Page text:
Pro Bono

Adam Bevell has fulfilled his wildest dream: playing on stage with U2.

He did so in Nashville, Tennessee on the 4th of July weekend after being spotted holding a sign in the crowd by Bono.

The 37-year-old from Mesa, Arizona is the consummate U2 fan having trekked to stadiums all over the U.S. 27 times to hear his musical idols.

He used to see them, too, but Retinitis Pigmentosa, a congenital disease, has robbed him of almost all of his vision so that he is legally blind.

Sign up to The Irish Echo Newsletter

Sign up today to get daily, up-to-date news and views from Irish America.

Bevell convinced his brother-in-laws, Ben and Mike, to be his “bodyguards and my eyes” to get to the very front row of the stadium show, and asked them to write a sign that Bevell held up during the concert which read: “Blind Guitar Player Please Bring Me Up!!”

In an interview with the Irish Echo, Bevell said fans kept telling him that Adam Clayton and Bono were look over to him holding and talking to each other off-microphone.

The final song of the night came and went, and Bevell thought to himself that just having had the chance to be in the front row was absolutely amazing when suddenly he heard Bono’s voice and the hands of security officials guiding him to the stage.

Bevell said he would like to do a song for his wife, and Bono kept asking him what his wife’s name was, but emotions and nothing to drink in four hours meant Bevell finally croaked his wife’s name “Andrea” only after a couple attempts at speaking on stage in front of thousands at Vanderbilt University’s stadium.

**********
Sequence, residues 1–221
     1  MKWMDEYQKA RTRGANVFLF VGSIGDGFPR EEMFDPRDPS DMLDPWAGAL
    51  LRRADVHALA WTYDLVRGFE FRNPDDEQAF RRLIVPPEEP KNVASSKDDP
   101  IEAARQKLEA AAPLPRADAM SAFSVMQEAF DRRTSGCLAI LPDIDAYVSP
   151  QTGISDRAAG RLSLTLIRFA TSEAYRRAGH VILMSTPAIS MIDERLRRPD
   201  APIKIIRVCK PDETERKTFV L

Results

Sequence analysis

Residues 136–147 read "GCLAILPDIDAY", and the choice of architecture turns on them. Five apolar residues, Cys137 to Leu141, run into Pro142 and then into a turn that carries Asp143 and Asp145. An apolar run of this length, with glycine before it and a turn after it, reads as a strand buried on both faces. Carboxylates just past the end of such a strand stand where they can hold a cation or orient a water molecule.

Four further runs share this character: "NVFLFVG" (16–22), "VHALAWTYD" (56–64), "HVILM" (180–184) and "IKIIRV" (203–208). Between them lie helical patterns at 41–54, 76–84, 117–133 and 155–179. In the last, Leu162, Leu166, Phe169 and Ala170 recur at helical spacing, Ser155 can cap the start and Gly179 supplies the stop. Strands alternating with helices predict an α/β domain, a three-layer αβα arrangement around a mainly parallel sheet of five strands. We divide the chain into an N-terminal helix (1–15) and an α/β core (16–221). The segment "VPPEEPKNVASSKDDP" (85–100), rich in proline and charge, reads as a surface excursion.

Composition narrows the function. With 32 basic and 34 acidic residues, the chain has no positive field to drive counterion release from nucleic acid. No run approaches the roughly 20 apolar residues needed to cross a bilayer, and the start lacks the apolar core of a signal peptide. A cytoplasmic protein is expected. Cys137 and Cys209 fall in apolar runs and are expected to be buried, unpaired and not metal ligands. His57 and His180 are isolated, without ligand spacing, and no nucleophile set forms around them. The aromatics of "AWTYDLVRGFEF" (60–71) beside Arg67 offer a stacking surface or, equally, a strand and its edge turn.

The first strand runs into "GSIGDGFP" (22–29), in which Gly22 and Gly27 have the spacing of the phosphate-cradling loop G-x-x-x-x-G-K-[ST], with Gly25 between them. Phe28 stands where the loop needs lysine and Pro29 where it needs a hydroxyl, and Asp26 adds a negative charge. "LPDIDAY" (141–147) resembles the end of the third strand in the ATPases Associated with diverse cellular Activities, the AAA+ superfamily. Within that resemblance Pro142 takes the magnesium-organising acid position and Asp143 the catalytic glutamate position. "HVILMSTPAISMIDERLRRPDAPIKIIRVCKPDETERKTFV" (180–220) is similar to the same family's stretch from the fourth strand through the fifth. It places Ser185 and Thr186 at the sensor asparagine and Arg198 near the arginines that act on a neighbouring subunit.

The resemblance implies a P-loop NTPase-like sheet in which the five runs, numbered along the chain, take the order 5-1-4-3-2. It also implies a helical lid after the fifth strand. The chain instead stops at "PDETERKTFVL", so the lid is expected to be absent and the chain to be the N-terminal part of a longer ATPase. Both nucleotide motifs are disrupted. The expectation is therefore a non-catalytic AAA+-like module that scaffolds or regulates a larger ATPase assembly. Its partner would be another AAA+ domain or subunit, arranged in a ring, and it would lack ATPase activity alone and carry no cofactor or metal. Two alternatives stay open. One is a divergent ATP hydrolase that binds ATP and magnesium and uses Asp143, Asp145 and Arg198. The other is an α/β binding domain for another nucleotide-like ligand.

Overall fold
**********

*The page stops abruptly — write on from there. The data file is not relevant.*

Bono’s own acoustic guitar was placed around his neck and he chose “All I Want is You” in honor of his wife, at home with the couple’s four young children in Arizona.

“I thought it was going to be so loud up there, but it wasn’t it was like we were just playing in the living room.”

“Bono told me, ‘OK let’s play it nice and soft’ and then he gave his techs some direction.

“I played a few chords, and then I could feel Bono and it was like ‘the dude knows what he’s doing, let’s do it.’”

Bevell said he started losing his sight when he was a young teenager, and though it might sound “corny” he was inspired by much of U2’s music. He learned to play guitar, and a lot of the band’s songs. He went on to college and became a teacher, got married and had children. In recent years he lost almost all of his vision. He now stays home and raises the couple’s children.

After finishing the song, Bevell was being guided off the stage when Bono gave him the guitar. Incredulous, Bevell said, “Are you serious?”

Getting out of a packed U2 concert with Bono’s guitar posed a problem, so the technicians took his number to arrange shipment.

“One of the guys told me he’d been working with the band for years, and it was the most unbelievable moment he’d ever experienced on a tour,” recounted Bevell. He swears none of it was staged.

“You know, it was just something I dreamed about and wished for, and I had a funny feeling when we went. I just knew I was going to do it.”